In the NFL, though, it’s different. Some players strike it rich and set themselves up for life, but most don’t. The average career length for an NFL player is about three years. It doesn’t matter your salary is; three years of working is not enough to set up anybody for life. The average NFL salary is $1.9 million. So if you’re lucky enough to be an “average” NFL player, you’ll make about $6 million in salary before you fall out of the league in your mid-20s. With taxes and agent fees and costs of living, you’re lucky if you’re left with half of that money as you begin your post-football life, and you better hope your body and your brain are functioning well enough to give you hope in that endeavor.
Being an NFL player is just not exactly the glitz and glam lifestyle that can be depicted in TV shows or movies. It’s a bit more real.
The fact is, there’s no sport like football when it comes to all of this. Thursday Night Football is generally considered to be the worst product that the NFL has to offer, yet Fox just ponied up $3 billion to buy the Thursday night package. That’s because, despite the occasional terrible quality of games, the ratings do not lie. Fox will make money on that deal, just as the league’s owners will make money on that deal.
Players, though, won’t necessarily see a tremendous pay increase, and they’ll also be asked to play a game just four days after playing another game. That’s not enough time for the human body to recover, but, well, the league has TV contracts to honor. And if a middling player suffers an injury in that game? His contract will get sent to the shredder.
That’s the reality that NFL players live. They’ll certainly never garner sympathy from some people, but the message isn’t really about sympathy. It’s about the fact that the league does not value its players and would prefer to keep things that way for as long as possible. The more educated and forceful the players can be when it comes time to negotiate that next CBA, the better chance the players have to actually improve the system that’s not working for too many of them.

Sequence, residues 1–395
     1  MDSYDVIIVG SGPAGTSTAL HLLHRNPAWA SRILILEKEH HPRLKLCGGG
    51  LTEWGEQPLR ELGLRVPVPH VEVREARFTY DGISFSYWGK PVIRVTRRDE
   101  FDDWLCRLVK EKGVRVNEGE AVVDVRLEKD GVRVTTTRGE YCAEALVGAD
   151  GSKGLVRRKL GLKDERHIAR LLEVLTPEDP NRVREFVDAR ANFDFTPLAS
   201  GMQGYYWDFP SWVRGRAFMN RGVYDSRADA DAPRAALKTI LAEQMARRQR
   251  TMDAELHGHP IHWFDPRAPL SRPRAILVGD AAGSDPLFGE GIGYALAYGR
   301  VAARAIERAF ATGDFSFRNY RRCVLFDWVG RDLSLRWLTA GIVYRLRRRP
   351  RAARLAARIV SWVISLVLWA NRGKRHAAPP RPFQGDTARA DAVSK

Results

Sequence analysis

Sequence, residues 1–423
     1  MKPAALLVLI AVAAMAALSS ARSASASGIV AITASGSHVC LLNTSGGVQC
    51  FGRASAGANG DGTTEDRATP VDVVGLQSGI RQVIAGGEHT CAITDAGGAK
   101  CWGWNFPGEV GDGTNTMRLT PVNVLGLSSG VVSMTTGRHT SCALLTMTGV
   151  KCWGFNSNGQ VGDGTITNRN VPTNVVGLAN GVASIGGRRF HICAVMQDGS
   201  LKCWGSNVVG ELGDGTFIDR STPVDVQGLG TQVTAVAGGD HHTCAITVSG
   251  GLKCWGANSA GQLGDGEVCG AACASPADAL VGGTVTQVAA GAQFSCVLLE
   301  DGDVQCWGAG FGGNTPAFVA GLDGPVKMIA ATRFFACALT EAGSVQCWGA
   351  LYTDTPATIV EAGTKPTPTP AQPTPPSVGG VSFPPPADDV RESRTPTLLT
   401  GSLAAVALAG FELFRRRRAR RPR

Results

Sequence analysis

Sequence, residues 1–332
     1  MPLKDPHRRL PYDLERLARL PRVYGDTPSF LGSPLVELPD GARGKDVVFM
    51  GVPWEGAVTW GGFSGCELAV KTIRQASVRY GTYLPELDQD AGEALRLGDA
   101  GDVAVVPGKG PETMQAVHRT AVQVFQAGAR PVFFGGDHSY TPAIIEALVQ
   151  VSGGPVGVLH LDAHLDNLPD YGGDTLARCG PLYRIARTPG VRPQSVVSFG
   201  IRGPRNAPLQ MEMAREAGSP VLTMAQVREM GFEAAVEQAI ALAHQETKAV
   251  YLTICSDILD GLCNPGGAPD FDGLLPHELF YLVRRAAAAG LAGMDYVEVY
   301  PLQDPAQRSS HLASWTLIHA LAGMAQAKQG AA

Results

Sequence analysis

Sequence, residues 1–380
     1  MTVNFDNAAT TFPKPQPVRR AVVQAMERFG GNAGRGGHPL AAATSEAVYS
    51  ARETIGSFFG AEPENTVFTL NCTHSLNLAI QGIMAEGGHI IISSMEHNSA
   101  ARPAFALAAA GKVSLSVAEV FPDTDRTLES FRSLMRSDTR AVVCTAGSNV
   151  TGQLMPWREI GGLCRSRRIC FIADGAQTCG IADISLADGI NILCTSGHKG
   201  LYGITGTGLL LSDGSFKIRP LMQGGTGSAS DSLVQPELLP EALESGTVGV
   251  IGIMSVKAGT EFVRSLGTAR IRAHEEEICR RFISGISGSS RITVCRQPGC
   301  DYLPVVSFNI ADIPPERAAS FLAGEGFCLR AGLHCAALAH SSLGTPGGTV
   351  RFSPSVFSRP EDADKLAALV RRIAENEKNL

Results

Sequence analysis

The NFL reels in $13 billion per year. Three TV networks each cough up more than $1 billion to air the games, for which they sell 30-second ads at a cost somewhere between $400,000 and $700,000. Add in the league’s separate sponsorship deals, as well as the merchandise and ticket sales, and the league makes so much money that it can afford to pay the commissioner as much as $30 million a year.
The players? It’s getting slightly better for them, as the salary cap has increased by nearly 50 percent since 2011. Some of the contracts you’ve seen splash across the headlines this offseason — Kirk Cousins, Sammy Watkins, Jimmy Garoppolo, Trey Burton, Marqise Lee, Albert Wilson, Nate Solder, Malcolm Butler, etc. — are indicative of the players getting a slightly larger piece of the slightly larger pie.
But in the players’ eyes, there is work that needs to be done. When it comes time for CBA negotiations to begin in earnest, don’t be surprised to see the players fighting for some semblance of stability and at least some assurances that contracts should be honored. Considering the players are the league, that shouldn’t be asking too much.